Intersubject variability in the functional organization of the human brain has theoretical and practical importance for basic and clinical neuroscience. In the present study, positron emission tomography (PET) and anatomical magnetic resonance imaging (MRI) were used to study the functional anatomy of language processes. Intersubject variability in task-induced activations in six brain regions was assessed in 20 normal subjects (10 men and 10 women) for frequency of occurrence, location, intensity, and extent. A complex, but well-studied task (overt verb generation) was compared to a simple baseline (visual fixation) to induce activations in brain areas serving perceptual, motoric, and cognitive functions. The frequency of occurrence was high for all selected brain areas (80-95%). The variability in response location in Talairach space, expressed as the standard deviation along each axis (x, y, z), ranged from 5.2 to 9.9 mm. This variability appears to be uniformly distributed across the brain, uninfluenced by regional differences in the complexity of gyral anatomy or mediated behavior. The variability in response location, expressed as the average Euclidean distances (averaged across subjects) about mean locations of activations, varied from 9.40 to 13.36 mm and had no significant differences by region (P>0.05, beta = 0.20). Intensity variability was also relatively small and homogenous across brain regions. In contrast, response extent was much more variable both across subjects and across brain regions (0.79 to 1.77, coefficient of variation). These findings are in good agreement with previous PET studies of intersubject variability and bode well for the possibility of using functional neuroimaging to study neural plasticity subsequent to congenital and acquired brain lesions.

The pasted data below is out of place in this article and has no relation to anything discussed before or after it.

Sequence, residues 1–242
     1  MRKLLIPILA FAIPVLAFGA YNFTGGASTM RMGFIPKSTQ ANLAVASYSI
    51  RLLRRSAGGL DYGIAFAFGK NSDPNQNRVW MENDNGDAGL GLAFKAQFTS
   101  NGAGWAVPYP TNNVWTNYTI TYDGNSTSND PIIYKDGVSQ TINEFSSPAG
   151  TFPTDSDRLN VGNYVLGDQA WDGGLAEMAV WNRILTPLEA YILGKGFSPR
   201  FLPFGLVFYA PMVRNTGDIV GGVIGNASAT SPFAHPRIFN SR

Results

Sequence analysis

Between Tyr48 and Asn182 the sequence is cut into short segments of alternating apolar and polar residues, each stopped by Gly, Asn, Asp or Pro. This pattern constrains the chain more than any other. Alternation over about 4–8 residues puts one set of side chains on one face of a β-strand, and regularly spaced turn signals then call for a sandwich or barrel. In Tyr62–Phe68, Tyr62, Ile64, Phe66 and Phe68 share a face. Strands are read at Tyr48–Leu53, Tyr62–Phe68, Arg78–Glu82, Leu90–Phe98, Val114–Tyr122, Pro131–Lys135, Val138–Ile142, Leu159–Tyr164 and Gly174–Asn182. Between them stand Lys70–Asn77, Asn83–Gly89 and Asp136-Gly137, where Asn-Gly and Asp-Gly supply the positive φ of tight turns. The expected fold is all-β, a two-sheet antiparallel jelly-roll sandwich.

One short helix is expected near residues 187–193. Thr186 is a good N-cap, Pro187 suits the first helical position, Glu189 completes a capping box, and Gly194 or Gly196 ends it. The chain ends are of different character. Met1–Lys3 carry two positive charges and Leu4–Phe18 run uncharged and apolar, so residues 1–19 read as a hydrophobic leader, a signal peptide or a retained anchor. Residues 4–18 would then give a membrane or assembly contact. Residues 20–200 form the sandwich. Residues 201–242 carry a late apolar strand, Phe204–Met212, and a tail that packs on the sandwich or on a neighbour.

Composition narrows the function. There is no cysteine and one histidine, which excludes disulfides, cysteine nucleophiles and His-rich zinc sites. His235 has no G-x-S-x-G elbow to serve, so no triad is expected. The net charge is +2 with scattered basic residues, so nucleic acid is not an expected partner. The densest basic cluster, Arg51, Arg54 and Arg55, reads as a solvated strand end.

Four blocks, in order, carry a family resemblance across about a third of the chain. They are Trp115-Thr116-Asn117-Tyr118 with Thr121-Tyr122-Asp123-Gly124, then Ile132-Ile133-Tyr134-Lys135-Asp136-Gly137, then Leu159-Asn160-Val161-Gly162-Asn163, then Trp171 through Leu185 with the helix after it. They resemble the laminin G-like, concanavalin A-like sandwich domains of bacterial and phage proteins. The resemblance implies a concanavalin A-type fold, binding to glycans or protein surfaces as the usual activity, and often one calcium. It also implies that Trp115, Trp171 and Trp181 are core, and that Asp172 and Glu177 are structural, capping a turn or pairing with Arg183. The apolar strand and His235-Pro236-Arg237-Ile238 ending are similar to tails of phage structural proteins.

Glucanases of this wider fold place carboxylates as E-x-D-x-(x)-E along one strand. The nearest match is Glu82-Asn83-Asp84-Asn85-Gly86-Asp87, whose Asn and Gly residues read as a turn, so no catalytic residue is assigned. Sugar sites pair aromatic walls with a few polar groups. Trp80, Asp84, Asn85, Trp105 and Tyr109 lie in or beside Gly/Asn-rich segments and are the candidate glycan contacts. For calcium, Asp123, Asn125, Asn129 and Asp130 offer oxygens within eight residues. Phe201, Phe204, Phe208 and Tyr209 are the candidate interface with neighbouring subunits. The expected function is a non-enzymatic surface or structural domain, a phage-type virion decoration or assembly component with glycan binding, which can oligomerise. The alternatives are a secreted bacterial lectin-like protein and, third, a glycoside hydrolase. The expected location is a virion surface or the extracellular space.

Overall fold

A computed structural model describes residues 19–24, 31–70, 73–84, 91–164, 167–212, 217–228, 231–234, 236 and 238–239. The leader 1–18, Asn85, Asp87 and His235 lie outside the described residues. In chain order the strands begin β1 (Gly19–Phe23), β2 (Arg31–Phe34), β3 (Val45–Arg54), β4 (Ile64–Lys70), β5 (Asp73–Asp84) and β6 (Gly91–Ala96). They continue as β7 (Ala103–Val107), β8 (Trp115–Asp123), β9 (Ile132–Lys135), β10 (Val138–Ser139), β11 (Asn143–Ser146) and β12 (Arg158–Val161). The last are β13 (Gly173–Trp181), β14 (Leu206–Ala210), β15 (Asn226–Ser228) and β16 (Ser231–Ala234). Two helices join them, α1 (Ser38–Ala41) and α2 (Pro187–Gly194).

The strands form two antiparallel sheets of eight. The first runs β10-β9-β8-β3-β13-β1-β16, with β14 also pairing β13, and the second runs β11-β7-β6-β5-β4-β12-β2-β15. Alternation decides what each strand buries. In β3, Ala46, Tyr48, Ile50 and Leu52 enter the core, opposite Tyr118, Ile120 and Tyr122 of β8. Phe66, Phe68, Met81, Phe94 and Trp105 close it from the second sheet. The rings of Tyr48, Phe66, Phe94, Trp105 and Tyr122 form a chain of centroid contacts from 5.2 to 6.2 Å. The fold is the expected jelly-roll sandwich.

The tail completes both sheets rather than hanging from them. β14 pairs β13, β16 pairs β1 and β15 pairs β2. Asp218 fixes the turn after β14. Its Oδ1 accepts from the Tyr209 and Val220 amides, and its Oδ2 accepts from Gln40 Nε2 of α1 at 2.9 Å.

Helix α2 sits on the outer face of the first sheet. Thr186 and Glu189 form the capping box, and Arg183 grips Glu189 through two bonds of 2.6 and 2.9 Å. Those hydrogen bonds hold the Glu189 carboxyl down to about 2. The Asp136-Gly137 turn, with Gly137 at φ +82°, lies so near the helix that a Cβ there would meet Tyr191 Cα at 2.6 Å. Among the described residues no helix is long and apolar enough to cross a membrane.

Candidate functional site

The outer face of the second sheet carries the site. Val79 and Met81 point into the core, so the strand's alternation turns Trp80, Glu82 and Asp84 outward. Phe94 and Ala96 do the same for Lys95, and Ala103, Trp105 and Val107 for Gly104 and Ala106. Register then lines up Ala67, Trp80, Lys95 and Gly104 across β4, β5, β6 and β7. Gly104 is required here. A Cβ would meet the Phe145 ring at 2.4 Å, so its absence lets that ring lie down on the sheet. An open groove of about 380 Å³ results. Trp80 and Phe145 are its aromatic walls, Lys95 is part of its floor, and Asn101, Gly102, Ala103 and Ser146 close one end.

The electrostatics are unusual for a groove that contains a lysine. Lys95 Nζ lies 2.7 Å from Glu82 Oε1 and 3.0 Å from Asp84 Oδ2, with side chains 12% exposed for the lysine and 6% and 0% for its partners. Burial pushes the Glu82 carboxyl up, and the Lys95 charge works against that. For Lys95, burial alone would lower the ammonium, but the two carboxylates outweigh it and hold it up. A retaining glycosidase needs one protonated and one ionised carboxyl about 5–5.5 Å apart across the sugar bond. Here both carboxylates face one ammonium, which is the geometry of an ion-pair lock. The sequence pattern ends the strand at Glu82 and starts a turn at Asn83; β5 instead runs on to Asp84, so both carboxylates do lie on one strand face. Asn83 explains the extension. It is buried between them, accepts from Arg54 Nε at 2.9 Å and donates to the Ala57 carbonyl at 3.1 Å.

Copyright 2000 Academic Press.